The Liberal leadership is shaping up to be a three-horse race with Julie Bishop set to make a run for the top job.
Bishop has her sights firmly set on becoming Australia’s next prime minister, after having reportedly vowed not to come off as second-best any more, and a News Corp poll indicates she is the preferred leader of the Liberal Party.
There has been growing pressure on Bishop to declare herself as the third candidate to become prime minister, with members of cabinet strongly encouraging her to run, according to several reports.
In her pitch to colleagues, she told them she won’t be “another man’s deputy”, The Australian reported. Her partner, David Panton, on Thursday night backed her to claim the leadership, telling the Herald Sun “by tomorrow at lunchtime, Julie Bishop will definitely be prime minister”.
Bishop has served as the Member for Curtin in the House of Representatives since 1998. She was sworn in as Australia’s first female Foreign Minister on 18 September 2013 following four years in the role of Shadow Minister for Foreign Affairs and Trade.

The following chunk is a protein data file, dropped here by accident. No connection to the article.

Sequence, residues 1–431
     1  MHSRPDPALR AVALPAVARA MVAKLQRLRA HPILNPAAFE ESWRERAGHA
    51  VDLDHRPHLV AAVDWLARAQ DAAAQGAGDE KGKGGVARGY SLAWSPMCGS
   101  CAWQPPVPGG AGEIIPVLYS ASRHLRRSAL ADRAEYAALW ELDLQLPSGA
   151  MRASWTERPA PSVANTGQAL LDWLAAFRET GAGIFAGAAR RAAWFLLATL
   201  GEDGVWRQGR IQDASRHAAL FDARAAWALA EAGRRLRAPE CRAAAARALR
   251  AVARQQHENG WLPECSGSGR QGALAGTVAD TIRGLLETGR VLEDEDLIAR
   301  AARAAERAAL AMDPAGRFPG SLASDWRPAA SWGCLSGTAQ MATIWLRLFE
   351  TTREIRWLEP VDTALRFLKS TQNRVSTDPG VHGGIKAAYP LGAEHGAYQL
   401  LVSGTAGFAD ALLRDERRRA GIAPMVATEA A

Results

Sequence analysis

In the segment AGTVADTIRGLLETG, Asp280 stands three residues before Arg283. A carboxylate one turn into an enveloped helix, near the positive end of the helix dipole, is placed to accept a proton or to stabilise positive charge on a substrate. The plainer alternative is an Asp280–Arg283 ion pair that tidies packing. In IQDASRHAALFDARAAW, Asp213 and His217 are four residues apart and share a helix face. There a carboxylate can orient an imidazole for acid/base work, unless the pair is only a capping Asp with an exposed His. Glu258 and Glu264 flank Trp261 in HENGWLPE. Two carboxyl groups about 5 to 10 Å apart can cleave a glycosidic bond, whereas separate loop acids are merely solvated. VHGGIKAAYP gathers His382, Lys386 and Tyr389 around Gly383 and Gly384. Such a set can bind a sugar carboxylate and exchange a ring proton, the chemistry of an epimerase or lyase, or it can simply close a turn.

The other candidates contesting to replace Prime Minister Malcolm Turnbull are former home affairs minister Peter Dutton and Treasurer Scott Morrison.
Meanwhile, the prime minister’s office confirmed a party room meeting would go ahead at about midday on Friday. The Australian reported late Thursday night Dutton had reached the 43 signatures required to call for a leadership spill.
Turnbull indicated on Thursday he would step aside if the majority of the Liberal party room signed a petition for a spill. If passed, Turnbull admitted he would not then stand against Dutton, or anyone else with ambitions for the top job, and would bring an end to his political career.
“In terms of my own intentions,” he said. “When the party room meeting is called, I will invite a spill motion to be moved. If it is carried I will not stand as a candidate in the ballot. Those are the events that will unfold over the next few days.”
Making a thinly veiled dig at former PM, and his predecessor, Tony Abbott, he added: “I believe former prime ministers are best out of parliament, I don’t think there’s much evidence to suggest that conclusion is not correct.”